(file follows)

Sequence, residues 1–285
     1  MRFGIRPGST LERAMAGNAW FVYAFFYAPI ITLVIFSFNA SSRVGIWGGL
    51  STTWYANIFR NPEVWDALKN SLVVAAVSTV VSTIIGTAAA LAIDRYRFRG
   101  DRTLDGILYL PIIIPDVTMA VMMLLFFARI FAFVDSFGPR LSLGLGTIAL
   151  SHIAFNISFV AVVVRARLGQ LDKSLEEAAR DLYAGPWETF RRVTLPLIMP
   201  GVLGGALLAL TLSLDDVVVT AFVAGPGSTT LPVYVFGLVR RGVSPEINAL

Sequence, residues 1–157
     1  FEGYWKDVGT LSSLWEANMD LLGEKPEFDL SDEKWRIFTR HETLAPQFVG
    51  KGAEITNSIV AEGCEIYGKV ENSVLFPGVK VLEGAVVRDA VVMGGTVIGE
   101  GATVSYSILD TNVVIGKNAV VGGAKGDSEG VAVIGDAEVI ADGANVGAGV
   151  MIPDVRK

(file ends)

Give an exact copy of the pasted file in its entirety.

Sequence, residues 1–285
     1  MRFGIRPGST LERAMAGNAW FVYAFFYAPI ITLVIFSFNA SSRVGIWGGL
    51  STTWYANIFR NPEVWDALKN SLVVAAVSTV VSTIIGTAAA LAIDRYRFRG
   101  DRTLDGILYL PIIIPDVTMA VMMLLFFARI FAFVDSFGPR LSLGLGTIAL
   151  SHIAFNISFV AVVVRARLGQ LDKSLEEAAR DLYAGPWETF RRVTLPLIMP
   201  GVLGGALLAL TLSLDDVVVT AFVAGPGSTT LPVYVFGLVR RGVSPEINAL

Sequence, residues 1–157
     1  FEGYWKDVGT LSSLWEANMD LLGEKPEFDL SDEKWRIFTR HETLAPQFVG
    51  KGAEITNSIV AEGCEIYGKV ENSVLFPGVK VLEGAVVRDA VVMGGTVIGE
   101  GATVSYSILD TNVVIGKNAV VGGAKGDSEG VAVIGDAEVI ADGANVGAGV
   151  MIPDVRK